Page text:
TitleSafety behaviors, compulsive behaviors, and therapist extensiveness as predictors of outcome in behavior for youth OCD
NameColognori, Daniela (author), Chu, Brian C (chair), Rockmore, Lori (internal member), Rutgers University, Graduate School of Applied and Professional Psychology,
Behavior therapy for teenagers,
Behavior therapy for children,
Obsessive-compulsive disorder in adolescence--Treatment,
Obsessive-compulsive disorder in children--Treatment
DescriptionThe efficacy of behavior therapy in treating adult OCD is well-documented and early trials in youth populations are encouraging (March et al., 1994; Piacentini et al., 2002; POTS Team, 2004), however, residual symptoms often persist. The study of process variables can provide suggestions for improving the development, delivery, and outcomes of psychological therapies (Kazdin & Nock, 2003). One potentially important variant in exposure procedures identified by the literature has been the use of safety behaviors. However, it has been difficult to draw conclusions regarding the effect of safety behaviors on OCD treatment because the term has been interpreted broadly across studies and results have been mixed. The current study uses observational coding of existing data to assess three predictors of outcome within two early exposure sessions and two late exposure sessions of a manualized exposure and response prevention program. Participants include 43 youth (ages 8 – 17 years) diagnosed with a principal OCD diagnosis who received a 12-week exposure and response prevention program. Predictors assessed via observational coding include safety behaviors (avoidance and escape), compulsive behaviors, and therapist extensiveness (therapist ability to engage the client in difficult exposures). Outcome was measured by symptom report (CY-BOCS) at midtreatment and post-treatment. It was hypothesized that higher average occurrence of safety and compulsive behaviors during exposure tasks would predict higher OCD symptoms while lower ratings of therapist extensiveness would predict higher OCD symptoms at mid-treatment and post-treatment. Interaction effects were also investigated. Multiple regression analyses demonstrated a significant relationship between safety behaviors exhibited during the early exposure phase and OCD symptoms at mid-treatment in the expected direction, B = 0.31, t = 2.09, p<.05, R2=.25. However, safety behavior in the late phase was not related to OCD symptoms at post-treatment nor was safety behavior throughout treatment significantly related to OCD symptoms at posttreatment. Significant findings involving compulsive behaviors, therapist extensiveness, and interaction effects did not emerge. Methodological limitations, such as restricted range of the independent variables and the need for a more frequently administered dependent variable, and recommendations for future studies are discussed.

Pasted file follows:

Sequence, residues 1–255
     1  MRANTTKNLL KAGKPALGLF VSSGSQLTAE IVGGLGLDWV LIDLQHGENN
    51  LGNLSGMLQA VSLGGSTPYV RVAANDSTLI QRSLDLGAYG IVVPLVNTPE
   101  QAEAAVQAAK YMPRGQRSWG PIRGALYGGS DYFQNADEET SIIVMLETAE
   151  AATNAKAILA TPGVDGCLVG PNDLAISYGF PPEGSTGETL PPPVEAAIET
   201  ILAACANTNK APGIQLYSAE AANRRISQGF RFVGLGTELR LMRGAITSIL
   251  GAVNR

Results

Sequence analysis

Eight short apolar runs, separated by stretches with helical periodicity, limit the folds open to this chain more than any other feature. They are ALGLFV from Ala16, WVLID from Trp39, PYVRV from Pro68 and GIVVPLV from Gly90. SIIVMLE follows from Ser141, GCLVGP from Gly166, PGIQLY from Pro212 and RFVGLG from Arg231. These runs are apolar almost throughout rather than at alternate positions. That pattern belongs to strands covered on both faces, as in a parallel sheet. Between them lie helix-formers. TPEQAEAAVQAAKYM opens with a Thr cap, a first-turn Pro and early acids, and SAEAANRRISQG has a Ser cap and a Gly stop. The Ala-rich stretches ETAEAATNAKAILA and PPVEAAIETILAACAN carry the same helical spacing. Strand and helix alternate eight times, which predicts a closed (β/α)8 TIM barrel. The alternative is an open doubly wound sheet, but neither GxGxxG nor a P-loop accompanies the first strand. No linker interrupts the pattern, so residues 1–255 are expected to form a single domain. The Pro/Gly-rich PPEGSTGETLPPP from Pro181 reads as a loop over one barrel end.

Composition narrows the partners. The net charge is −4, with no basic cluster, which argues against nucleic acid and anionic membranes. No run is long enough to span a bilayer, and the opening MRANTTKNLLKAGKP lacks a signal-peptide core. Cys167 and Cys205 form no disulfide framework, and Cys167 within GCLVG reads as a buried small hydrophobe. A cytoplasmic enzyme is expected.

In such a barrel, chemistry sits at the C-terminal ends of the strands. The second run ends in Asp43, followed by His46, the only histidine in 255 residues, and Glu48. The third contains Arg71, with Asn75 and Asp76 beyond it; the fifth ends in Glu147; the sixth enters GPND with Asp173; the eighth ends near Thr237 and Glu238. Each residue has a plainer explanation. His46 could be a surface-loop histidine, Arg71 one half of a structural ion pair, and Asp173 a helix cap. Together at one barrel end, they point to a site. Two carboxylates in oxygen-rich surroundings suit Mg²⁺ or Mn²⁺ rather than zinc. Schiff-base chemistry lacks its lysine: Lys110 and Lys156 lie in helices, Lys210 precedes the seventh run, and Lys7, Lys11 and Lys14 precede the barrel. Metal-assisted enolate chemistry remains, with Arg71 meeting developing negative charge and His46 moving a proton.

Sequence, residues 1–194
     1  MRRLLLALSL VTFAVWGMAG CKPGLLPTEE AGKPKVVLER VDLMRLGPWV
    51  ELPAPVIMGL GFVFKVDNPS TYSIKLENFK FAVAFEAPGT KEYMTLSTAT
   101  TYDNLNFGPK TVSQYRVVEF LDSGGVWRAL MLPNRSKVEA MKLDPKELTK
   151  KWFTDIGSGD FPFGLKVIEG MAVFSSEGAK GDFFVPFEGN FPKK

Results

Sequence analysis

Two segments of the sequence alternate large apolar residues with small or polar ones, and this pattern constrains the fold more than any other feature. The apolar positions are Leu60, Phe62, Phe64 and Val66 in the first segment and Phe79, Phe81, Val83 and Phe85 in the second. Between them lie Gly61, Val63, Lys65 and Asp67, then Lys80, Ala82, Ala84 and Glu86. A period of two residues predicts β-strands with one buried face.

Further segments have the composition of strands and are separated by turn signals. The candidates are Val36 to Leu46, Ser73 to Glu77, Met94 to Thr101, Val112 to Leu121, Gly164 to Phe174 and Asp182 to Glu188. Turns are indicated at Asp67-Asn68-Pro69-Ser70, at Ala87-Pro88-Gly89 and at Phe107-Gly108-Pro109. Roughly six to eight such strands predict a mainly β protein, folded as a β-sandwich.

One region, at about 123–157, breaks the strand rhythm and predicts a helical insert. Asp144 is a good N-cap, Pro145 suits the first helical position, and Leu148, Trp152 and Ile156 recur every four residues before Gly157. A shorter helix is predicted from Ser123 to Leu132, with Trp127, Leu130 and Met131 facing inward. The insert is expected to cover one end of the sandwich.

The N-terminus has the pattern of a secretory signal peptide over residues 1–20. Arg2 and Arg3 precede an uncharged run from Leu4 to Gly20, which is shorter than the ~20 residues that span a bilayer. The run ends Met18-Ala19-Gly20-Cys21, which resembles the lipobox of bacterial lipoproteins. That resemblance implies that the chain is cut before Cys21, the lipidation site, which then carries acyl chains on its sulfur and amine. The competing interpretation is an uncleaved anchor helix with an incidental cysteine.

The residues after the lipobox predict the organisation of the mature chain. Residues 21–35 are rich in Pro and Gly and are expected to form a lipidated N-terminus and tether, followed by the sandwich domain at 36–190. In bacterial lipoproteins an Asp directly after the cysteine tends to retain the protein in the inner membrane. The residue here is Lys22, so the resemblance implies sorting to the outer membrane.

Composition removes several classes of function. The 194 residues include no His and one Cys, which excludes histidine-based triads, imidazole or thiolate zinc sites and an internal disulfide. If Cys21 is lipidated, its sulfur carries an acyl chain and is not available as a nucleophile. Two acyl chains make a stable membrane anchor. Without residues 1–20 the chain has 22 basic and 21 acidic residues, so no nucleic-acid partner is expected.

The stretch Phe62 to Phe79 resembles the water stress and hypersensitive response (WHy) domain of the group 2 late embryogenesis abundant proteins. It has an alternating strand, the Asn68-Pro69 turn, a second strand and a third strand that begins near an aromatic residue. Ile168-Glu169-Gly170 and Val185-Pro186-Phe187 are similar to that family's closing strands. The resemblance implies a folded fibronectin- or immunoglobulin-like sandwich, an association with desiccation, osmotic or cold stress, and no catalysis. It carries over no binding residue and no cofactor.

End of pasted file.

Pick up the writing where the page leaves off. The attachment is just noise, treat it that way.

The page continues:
NoteIncludes bibliographical references
Noteby Daniela Colognori
CollectionGraduate School of Applied and Professional Psychology Electronic Theses and Dissertations
Organization NameRutgers, The State University of New Jersey
RightsThe author owns the copyright to this work.